According to a preferred embodiment of the method, the approximated trajectory is constructed as a regression line through the spatial positions. A possible collision of the vehicle with the objects is predicted based on the timedependence of a slope of the regression line. Accordingly, it is determined how the slope changes over time in order to find out if the object is moving straight ahead or if the object is moving along a bent curve.

According to a preferred embodiment of the method, a time to collision is determined based on the sensor data, wherein the time to collision is modified based on the approximated trajectory and/or based on the time dependence of the approximated trajectory. For example, depending on how likely a collision of the vehicle with the object is, based on the approximated trajectory and/or based on the time dependence of the approximated trajectory, the time to collision is adjusted accordingly. Therefore, the invention helps to prevent unnecessary breaking maneuvers which could occur due to wrong predictions based on the sensor data.

According to a preferred embodiment of the method, modifying the time to collision comprises multiplying the time to collision by an exponential factor involving a curvature of the approximated trajectory, if the curvature of the approximated trajectory lies within a predetermined interval. The predetermined interval may also depend on a specific situation. For example, if the vehicle is driving towards a roundabout and the object is identified within the roundabout, the time to collision may be reduced if the absolute value of the curvature is larger than a predetermined value. In such a case, the vehicle is exiting the roundabout or stays within the roundabout and there is no collision danger. In contrast, if the absolute value of the curvature is smaller than a predetermined value, the time to collision is left unchanged because the object moving is driving straight and a collision with the vehicle is likely.

According to a preferred embodiment of the method, a probability for a collision of the vehicle with a moving object is computed based on the approximated trajectory and/or based on a time dependence of the approximated trajectory. For example, the probability may depend on the absolute value of the curvature of the approximated trajectory.

According to a preferred embodiment of the method, a movement of the vehicle is controlled if a possible collision of the vehicle with the object has been predicted. For example, the vehicle may be slowed down or the vehicle may be steered away from the trajectory of the object.

According to a preferred embodiment of the device, the evaluation unit is adapted to construct the approximated trajectory using polynomial regression.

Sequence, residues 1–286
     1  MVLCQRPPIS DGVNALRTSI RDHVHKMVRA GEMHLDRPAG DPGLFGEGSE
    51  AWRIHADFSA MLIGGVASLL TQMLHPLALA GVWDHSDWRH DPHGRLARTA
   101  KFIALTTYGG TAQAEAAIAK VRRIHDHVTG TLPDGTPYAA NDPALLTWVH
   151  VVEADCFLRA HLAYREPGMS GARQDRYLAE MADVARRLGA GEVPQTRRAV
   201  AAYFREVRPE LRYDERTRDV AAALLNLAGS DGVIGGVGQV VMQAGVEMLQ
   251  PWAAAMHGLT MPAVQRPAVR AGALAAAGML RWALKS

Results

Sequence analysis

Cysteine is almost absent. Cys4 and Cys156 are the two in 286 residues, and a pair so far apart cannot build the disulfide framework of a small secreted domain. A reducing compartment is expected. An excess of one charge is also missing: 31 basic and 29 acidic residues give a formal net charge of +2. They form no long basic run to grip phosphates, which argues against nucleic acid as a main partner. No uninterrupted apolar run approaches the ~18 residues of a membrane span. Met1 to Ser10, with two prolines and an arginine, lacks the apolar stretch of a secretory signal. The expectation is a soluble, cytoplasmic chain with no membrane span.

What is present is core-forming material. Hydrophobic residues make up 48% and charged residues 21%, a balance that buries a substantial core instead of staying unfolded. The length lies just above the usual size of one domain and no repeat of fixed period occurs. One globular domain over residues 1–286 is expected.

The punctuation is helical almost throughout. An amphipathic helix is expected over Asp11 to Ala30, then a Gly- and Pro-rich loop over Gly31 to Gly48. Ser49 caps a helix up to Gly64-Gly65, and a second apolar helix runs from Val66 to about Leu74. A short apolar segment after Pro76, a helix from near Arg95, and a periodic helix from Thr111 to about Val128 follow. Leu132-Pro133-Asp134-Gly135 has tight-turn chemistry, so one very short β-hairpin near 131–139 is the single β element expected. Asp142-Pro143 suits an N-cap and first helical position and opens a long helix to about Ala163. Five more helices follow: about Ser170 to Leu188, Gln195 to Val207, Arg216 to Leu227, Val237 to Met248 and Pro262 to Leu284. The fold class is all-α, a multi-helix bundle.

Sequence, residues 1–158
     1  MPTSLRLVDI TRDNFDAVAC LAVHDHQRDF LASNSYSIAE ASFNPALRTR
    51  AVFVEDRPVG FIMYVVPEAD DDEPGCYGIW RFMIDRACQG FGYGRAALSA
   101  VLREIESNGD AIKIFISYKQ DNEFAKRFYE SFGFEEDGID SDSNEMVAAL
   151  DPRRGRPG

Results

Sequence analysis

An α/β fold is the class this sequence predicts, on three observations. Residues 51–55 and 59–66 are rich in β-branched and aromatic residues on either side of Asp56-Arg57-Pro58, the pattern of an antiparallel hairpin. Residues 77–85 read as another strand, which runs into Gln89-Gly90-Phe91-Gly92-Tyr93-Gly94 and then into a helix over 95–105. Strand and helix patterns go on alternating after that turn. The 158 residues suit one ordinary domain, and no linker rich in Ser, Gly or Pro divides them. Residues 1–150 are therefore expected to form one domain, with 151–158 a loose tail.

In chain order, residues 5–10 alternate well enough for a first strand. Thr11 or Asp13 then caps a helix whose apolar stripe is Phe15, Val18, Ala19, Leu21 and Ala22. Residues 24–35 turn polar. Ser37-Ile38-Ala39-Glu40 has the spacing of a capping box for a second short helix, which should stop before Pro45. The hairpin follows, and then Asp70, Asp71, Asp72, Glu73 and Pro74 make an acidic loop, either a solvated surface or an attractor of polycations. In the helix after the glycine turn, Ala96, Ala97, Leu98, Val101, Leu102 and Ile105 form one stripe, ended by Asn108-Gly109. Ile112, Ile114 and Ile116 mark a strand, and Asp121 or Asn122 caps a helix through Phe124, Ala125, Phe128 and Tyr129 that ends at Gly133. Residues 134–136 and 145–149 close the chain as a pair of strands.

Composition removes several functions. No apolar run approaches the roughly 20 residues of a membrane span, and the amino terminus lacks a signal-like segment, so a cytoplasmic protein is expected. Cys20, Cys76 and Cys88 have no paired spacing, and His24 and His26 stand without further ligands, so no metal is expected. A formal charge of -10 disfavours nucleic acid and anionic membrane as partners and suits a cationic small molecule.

According to a preferred embodiment of the device, the evaluation unit is further adapted to determine a time to collision based on the sensor data and is adapted to modify the time to collision based on the approximated trajectory.

According to a preferred embodiment, the vehicle comprises a control unit which is adapted to control a movement of the vehicle if a possible collision of the vehicle with an object has been predicted.

For a more complete understanding of the invention and the advantages thereof, exemplary embodiments of the invention are explained in more detail in the following description with reference to the accompanying drawing figures, in which like reference characters designate like parts and in which:
 Fig. 1
 shows a schematic block diagram of a device for detecting a possible collision of a vehicle with a moving object according to an embodiment of the invention;
 Fig. 2
 shows a schematic top view on a road scenario for illustrating the construction of an approximated trajectory according to an embodiment of the invention;
 Fig. 3
 shows an illustration of a possible scenario where the trajectory of the object has a component parallel to the trajectory of the vehicle and the trajectory of the object bends away from the trajectory of the vehicle;
 Fig. 4
 shows an illustration of a possible scenario where the trajectory of the object has a component parallel to the trajectory of the vehicle and the trajectory of the object bends towards the trajectory of the vehicle;
 Fig. 5
 shows an illustration of a possible scenario where the trajectory of the object has a component antiparallel to the trajectory of the vehicle and the trajectory of the object bends away from the trajectory of the vehicle;
 Fig. 6
 shows an illustration of a possible scenario where the trajectory of the object has a component antiparallel to the trajectory of the vehicle and the trajectory of the object bends towards the trajectory of the vehicle;
 Fig. 7
 shows an illustration of a construction of an approximated trajectory;
 Fig. 8
 shows an illustration of the time dependence of a slope of a regression line through the spatial positions of the object, wherein the trajectory of the object is bent away from the current position of the vehicle;
 Fig. 9
 shows a top view on a possible scenario where the object is moving in a roundabout;
 Fig. 10
 shows an illustration of the time dependence of the slope of a regression line through the spatial positions of the object, where the object is bent towards the current position of the vehicle;